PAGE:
My Comrade, who had help'd to harden me before, and who was the Master's Son, was now less forward than I; the first time he spoke to me after we were at Yarmouth, which was not till two or three Days, for we were separated in the Town to several Quarters; I say, the first time he saw me, it appear'd his Tone was alter'd, and looking very melancholy and shaking his Head, ask'd me how I did, and telling his Father who I was, and how I had come this Voyage only for a Trial in order to go farther abroad; his Father turning to me with a very grave and concern'd Tone, Young Man, says he, you ought never to go to Sea any more, you ought to take his for a plain and visible Token that you are not to be a Seafaring Man. Why, Sir, said I, will you go to Sea no more? That is another Case, said he, it is my Calling, and therefore my Duty; but as you made this Voyage for a Trial, you see what a Taste Heaven has given you of what you are to expect if you persist; perhaps this is all befallen us on your Account, like Jonah in the Ship of Tarshish. Pray, continues he, what are you? and on what Account did you go to Sea? Upon that I told him some of my Story; at the End of which he burst out with a strange kind of Passion, What had I done, says he, that such an unhappy Wretch should come into my Ship? I would not set my Foot in the same Ship with thee again for a Thousand Pounds. This indeed was, as I said, an Excursion of his Spirits which were yet agitated by the Sense of his Loss, and was farther than he could have Authority to go. However he afterwards talk'd very gravely to me, exhorted me to go back to my Father, and not tempt Providence to my Ruine; told me I might see a visible Hand of Heaven against me, And young Man, said he, depend upon it, if you do not go back, where-ever you go, you will meet with nothing but Disasters and Disappointments till your Father's Words are fulfilled upon you.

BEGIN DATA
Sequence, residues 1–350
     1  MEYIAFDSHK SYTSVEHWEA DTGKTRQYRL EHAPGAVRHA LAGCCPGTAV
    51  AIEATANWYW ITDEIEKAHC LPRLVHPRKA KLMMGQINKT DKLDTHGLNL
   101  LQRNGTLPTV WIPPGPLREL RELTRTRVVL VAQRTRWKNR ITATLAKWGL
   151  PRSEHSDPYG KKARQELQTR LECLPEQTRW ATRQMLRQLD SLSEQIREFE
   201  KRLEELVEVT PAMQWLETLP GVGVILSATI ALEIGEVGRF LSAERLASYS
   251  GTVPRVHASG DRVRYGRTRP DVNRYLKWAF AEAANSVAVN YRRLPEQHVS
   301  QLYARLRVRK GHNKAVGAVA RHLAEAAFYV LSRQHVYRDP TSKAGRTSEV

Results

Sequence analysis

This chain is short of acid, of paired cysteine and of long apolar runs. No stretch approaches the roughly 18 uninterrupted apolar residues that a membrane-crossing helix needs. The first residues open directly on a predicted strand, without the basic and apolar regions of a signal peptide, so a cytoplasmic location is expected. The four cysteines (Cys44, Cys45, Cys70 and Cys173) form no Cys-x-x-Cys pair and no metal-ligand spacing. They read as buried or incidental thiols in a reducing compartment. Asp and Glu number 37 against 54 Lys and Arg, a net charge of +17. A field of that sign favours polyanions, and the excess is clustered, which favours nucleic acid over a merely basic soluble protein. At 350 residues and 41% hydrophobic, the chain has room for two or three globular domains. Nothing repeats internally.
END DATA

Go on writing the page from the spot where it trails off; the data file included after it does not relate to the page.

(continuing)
We parted soon after; for I made him little Answer, and I saw him no more; which way he went, I know not. As for me, having some Money in my Pocket, I travelled to London by Land; and there, as well as on the Road, had many Struggles with my self, what Course of Life I should take, and whether I should go Home, or go to Sea. 

       As to going Home, Shame opposed the best Motions that offered to my Thoughts; and it immediately occurr'd to me how I should be laugh'd at among the Neighbours, and should be asham'd to see, not my Father and Mother only, but even every Body else; from whence I have since often observed, how incongruous and irrational the common Temper of Mankind is, especially of Youth, to that Reason which ought to guide them in such Cases, viz. That they are not asham'd to sin, and yet are asham'd to repent; not asham'd of the Action for which they ought justly to be esteem'd Fools, but are asham'd of the returning, which only can make them be esteem'd wise Men. 

       In this of Life however I remained some time, uncertain what Measures to take, and what Course of Life to lead. An irresistible Reluctance continu'd to going Home; and as I stay'd a while, the Remembrance of the Distress I had been in wore off; and as that abated, the little Motion I had in my Desires to a Return wore off with it, till at last I quite lay'd aside the Thoughts of it, and lookt out for a Voyage.